P.S. I had two bags of potato chips from the vending machine at work over the course of the last week and fast food for a meal (cardinal sin there, I am sure). It was all so delicious, and yet, so awful.

  21. As a person that grew up in a little town in Mexico with no drier and no washing machine, I say use your dryer!!! Enjoy it, revel in it, seriously you guys are vegetarians, by not eating meat you are already doing more for the environment than 90% of the United States population. I have had to do with out my drier a few times because I could not afford to fix it, and I have to tell you it sucked!! All my clothes where stiff and felt a little dusty on windy days. When the Zombie Apocalypse happens, the you can worry hanging your clothes on the line. Oh by the way… am I wrong or did you skip two weeks of podcast?

  22. We use a Hills-Hoist for outdoor drying as pictured in this blog post:

    Excellent example of a massively distributed, passive solar thermal capture device. We also have a solar-wood energy hybrid clothes drying system comprising a clothes rack in front of the wood heater during periods of wet weather. And we occasionally use a dryer but we’re on Green Power so the dryer electricity usage is net renewable.

    I read one EPA report that stated clothes dryers in the US consumed around 6% of residential energy usage! That’s a lot of electricity.

  23. grew up hanging on the line – we didnt have a dryer….still dont have a dryer…dont find i need one….my uncle welded me metal pipe clothes poles – when we move i am digging them out and taking them with. in the winter i use a clothes lines in the basement for towels, blankets, etc and also hang clothes on hangers and use the door frames to hang them to dry in the heat of the house. they dry rather quickly in the dry winter inside air. i actually had a dryer when i first moved to this house and couldn’t stand it….line/air drying all the way for me.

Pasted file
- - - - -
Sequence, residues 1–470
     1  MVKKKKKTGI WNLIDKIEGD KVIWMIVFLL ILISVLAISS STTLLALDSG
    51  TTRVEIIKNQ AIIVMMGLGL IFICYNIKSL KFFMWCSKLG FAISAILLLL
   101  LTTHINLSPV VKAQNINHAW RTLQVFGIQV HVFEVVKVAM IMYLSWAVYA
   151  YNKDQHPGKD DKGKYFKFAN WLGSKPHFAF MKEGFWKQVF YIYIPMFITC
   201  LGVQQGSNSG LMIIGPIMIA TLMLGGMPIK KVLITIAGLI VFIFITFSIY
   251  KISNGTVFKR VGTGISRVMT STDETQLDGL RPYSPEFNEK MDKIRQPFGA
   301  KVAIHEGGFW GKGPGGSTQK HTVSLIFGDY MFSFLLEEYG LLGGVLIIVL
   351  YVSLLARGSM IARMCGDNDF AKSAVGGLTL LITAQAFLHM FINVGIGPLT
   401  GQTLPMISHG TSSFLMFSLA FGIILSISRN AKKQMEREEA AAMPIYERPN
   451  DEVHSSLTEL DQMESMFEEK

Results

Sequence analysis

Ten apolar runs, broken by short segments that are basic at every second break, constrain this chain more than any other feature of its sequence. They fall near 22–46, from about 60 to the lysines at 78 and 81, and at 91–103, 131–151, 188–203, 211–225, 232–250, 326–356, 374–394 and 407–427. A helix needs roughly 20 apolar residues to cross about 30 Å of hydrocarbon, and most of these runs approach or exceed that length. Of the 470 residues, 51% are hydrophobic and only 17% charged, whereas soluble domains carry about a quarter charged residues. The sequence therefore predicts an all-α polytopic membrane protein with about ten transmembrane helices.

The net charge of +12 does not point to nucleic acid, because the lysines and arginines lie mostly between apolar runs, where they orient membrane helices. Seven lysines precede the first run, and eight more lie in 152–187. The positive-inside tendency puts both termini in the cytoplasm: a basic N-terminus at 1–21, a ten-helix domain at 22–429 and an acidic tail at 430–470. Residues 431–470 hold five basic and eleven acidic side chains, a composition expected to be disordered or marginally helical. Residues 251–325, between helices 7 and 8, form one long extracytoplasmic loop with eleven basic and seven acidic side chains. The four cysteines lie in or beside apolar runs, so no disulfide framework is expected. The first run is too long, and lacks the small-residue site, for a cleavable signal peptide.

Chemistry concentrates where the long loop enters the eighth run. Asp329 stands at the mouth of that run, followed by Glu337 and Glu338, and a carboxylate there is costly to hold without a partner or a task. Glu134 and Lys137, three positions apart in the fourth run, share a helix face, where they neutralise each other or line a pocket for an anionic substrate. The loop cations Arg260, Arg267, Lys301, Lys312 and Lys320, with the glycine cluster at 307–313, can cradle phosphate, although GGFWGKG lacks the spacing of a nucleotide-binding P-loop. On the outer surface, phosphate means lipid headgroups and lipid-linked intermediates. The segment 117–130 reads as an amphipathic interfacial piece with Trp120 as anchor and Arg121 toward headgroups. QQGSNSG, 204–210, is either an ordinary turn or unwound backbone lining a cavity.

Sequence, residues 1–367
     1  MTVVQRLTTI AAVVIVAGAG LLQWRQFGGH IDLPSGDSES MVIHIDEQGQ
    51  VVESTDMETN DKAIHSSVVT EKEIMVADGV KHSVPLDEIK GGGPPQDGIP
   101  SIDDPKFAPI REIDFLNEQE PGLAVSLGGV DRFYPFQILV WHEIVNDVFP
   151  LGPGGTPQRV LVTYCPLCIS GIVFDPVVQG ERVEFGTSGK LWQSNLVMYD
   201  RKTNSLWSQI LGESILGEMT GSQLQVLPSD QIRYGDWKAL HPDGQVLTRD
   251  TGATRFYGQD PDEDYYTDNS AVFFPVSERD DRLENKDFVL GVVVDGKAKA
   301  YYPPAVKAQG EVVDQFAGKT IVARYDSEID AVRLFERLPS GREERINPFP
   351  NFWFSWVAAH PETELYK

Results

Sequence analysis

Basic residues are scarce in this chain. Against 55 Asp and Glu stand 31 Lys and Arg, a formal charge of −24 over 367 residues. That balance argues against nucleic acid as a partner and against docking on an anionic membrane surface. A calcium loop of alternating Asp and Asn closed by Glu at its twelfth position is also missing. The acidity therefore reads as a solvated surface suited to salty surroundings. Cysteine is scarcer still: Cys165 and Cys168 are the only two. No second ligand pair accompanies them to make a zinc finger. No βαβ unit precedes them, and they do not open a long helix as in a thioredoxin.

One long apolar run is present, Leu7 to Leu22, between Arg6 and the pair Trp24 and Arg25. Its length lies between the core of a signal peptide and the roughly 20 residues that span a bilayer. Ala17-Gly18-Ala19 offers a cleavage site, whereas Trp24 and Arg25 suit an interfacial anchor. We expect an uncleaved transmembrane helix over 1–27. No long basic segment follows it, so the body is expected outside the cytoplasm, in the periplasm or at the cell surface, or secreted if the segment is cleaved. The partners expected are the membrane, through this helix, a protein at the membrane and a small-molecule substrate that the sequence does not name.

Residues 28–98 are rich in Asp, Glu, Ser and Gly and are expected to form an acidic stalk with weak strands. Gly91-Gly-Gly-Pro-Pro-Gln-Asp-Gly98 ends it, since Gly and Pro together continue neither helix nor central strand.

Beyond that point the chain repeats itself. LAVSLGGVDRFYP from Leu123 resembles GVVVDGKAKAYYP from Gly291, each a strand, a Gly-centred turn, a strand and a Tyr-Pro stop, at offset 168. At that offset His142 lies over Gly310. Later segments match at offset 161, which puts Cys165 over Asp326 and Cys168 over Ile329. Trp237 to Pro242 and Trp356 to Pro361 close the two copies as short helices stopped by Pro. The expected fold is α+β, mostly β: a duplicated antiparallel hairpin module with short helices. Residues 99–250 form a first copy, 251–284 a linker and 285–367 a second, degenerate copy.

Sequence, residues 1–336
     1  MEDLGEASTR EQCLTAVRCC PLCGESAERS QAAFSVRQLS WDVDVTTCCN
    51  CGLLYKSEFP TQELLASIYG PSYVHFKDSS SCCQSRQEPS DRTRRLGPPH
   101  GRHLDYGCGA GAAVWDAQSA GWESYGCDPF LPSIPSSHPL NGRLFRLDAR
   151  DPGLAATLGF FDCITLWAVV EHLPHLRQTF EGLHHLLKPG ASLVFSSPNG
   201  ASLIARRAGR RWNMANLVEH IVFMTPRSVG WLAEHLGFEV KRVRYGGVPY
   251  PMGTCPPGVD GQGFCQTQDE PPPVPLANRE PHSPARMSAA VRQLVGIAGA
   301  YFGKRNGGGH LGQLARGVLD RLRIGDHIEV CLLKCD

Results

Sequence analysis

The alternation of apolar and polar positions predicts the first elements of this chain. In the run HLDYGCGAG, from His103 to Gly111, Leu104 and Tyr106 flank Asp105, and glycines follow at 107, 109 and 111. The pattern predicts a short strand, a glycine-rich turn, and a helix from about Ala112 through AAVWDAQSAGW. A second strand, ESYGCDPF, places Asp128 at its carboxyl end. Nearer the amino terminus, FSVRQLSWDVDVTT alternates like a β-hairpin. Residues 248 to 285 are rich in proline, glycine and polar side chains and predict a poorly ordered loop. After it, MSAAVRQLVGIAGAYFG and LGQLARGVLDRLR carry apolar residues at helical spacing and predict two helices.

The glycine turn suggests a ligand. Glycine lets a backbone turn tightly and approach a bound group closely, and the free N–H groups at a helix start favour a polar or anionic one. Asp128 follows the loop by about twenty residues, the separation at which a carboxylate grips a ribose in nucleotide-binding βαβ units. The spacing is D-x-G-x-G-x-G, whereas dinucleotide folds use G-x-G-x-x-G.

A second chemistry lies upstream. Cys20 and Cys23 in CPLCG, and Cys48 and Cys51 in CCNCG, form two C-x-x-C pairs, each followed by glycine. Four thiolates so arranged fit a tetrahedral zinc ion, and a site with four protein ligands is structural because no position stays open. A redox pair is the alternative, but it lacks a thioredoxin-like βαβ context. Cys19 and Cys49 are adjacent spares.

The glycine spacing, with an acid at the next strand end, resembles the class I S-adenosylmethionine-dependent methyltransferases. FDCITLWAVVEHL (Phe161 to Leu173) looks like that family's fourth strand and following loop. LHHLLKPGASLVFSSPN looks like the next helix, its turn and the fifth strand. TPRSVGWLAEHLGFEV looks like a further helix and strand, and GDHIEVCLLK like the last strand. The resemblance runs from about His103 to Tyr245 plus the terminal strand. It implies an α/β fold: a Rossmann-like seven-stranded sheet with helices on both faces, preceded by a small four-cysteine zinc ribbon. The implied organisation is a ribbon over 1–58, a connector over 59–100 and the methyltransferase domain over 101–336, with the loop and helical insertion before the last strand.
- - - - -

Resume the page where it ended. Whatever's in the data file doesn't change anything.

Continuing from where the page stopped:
PS i like “scratchy” towels better so the air dry does add to the stiffness that i like – i don’t really care for crazy fluffy towels.

  24. I’ve got lines installed across my screened in porch and can dry anytime of the day or year (I’m in Texas) plus I’m finding that being in the shade and away from birds has a lot of advantages. Line drying is one of those sustainable habits that’s easier in some areas of the country than others. We just do what we can where we can.

  25. I use the metal bannister/rails for our back stairs, along with the copper-framed awning over our back door. This way everything goes straight from the washer inside, out the door and back in again with very few steps. We do use the dryer for things like bath towels – they’re just not right when you hang them dry.
    I think our clothes last longer when they’re not being tortured by the dryer!